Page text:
Victory today would take Stich ahead of Jim Courier as the world No 2 (Becker is out of the top 10). But he may have to play the best tennis of his life to accomplish it, because Sampras looks a class above everybody.
The American was in spectacular form in yesterday's semi-finals, requiring only 51 minutes to despatch the Ukrainian Andrei Medvedev, 6-3,
6-0. Stich had to battle for almost every point to defeat Goran Ivanisevic, 7-6, 7-6.
Stich, the 1991 Wimbledon champion, won the first-set tie- break 7-2, but the Croatian left- hander saved five match-points, three with aces, before losing the second shoot-out, 12-10.
Sampras timed everything to perfection, to the extent of delivering his 1,000th ace of the year on match point. 'I was in a zone,' he said. The 22-year-old Wimbledon and United States Open champion began with four aces (the first timed at 124mph), finished with two and hit three in between to bring his total for the week to 43.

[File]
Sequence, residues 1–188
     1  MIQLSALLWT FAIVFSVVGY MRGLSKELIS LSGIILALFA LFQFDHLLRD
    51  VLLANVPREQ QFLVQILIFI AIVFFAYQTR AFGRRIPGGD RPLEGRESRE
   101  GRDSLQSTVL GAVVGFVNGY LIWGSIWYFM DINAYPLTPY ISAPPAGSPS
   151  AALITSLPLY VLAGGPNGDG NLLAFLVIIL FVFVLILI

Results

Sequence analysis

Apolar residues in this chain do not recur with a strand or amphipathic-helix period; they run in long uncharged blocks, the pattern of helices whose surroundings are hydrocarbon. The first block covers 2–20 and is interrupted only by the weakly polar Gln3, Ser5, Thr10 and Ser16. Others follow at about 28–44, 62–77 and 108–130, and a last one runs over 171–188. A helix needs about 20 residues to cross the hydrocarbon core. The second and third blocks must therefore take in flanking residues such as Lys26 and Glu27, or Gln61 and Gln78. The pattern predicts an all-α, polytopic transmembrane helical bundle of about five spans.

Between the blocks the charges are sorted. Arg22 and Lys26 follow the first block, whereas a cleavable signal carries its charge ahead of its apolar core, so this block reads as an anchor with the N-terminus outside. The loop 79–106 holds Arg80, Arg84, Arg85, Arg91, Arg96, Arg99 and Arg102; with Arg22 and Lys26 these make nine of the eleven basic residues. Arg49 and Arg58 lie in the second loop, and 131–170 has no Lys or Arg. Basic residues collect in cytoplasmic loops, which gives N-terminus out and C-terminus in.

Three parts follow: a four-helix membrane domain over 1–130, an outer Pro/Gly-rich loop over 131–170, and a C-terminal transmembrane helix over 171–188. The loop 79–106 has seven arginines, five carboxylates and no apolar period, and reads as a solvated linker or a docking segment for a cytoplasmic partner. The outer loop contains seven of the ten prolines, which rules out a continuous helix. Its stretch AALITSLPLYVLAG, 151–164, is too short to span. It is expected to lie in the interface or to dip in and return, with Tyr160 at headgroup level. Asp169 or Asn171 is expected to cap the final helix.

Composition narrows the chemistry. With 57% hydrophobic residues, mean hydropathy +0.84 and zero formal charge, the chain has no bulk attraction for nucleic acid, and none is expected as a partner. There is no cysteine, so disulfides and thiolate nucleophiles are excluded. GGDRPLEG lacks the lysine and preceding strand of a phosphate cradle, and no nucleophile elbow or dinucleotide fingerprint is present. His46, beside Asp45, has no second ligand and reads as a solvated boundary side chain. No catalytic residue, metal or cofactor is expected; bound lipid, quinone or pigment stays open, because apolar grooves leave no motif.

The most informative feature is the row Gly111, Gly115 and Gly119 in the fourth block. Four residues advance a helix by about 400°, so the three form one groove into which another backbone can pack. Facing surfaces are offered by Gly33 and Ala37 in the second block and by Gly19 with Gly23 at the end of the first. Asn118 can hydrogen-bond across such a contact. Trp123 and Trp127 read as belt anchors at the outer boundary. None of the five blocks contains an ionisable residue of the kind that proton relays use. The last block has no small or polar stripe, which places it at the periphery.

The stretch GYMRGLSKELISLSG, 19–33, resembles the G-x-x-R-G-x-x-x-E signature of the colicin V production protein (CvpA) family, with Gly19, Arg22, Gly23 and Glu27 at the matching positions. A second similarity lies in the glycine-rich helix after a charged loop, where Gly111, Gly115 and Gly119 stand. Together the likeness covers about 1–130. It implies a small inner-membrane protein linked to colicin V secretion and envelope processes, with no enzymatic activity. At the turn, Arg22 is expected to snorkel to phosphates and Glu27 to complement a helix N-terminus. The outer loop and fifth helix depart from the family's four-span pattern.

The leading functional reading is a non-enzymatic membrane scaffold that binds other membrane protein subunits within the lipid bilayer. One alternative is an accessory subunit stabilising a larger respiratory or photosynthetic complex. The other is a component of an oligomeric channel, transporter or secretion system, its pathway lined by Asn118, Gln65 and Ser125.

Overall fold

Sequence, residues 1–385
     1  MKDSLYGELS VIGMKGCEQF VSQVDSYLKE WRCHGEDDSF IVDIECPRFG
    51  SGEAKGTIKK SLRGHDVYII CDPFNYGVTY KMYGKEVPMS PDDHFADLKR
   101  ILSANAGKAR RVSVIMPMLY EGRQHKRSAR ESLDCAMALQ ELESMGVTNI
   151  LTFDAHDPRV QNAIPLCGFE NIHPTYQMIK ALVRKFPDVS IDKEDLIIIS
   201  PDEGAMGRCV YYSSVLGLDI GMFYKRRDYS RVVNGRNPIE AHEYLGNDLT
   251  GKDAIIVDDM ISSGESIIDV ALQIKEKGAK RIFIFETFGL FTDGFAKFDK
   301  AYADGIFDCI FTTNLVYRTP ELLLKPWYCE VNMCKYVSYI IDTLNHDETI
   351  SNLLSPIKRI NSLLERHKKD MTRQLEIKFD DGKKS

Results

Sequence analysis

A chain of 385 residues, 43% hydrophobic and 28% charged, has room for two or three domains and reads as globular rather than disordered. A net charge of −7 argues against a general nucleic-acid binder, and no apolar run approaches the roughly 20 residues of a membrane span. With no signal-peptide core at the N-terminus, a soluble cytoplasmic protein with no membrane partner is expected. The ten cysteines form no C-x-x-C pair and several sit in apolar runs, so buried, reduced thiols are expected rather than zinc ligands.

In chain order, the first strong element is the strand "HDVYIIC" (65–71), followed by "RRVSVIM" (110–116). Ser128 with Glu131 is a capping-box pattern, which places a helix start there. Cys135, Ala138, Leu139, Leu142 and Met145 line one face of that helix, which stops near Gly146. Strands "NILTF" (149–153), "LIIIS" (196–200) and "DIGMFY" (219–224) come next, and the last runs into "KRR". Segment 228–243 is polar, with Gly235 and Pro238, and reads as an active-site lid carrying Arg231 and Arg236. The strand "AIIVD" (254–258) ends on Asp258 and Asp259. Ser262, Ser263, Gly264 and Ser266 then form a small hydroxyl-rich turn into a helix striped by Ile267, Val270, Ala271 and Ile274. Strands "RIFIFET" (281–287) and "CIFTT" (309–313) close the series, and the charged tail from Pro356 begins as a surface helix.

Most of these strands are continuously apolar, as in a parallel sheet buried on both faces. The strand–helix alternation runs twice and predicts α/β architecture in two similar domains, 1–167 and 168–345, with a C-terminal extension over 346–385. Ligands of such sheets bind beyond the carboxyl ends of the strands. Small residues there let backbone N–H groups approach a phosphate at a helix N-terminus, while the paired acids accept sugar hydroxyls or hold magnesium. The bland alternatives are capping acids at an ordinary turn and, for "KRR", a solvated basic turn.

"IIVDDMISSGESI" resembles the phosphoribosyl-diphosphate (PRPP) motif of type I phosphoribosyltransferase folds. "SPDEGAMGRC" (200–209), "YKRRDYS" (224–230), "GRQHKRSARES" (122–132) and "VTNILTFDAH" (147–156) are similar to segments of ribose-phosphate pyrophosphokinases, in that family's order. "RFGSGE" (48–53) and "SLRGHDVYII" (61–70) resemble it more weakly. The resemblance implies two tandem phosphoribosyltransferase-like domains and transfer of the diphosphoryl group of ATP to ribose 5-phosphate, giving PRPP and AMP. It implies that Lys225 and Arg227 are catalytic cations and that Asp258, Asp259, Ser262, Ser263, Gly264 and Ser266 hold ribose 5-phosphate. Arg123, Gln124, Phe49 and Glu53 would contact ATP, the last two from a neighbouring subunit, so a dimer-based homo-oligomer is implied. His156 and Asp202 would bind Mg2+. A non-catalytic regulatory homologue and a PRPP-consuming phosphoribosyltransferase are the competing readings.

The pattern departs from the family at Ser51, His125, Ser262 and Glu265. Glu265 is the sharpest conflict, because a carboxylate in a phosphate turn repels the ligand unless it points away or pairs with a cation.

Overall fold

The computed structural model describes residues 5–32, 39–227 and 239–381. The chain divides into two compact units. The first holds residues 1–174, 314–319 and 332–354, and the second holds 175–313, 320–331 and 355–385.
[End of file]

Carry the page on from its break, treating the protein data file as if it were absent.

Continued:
He also conjured a winner off his frame from behind his back in response to a net-cord on game-point to lead 4-1 in the first set. 'When I hit that I knew it was my day,' he said.
Sampras conceded only seven points on his serve - four of them double-faults. In the second game of the second set, he hit a 128mph serve for 40-0 then two double-faults, at which point a bemused Medvedev returned a second serve over the baseline to go 0-2 down.
The 19-year-old from Kiev had ridden his luck all week to become the first teenager to reach the last four since Becker in 1986. It ran out yesterday the moment Sampras stepped on the court.
'I don't think even if I played my best match I could have won today,' Medvedev said. 'Pete was unbelievable. His serve may be his biggest weapon, but he is strong all round. He is simply the best.'
The world No 6 prefers to construct points from the baseline on the slower red clay, and was simply no match for Sampras on the even-paced carpet at the Festhalle.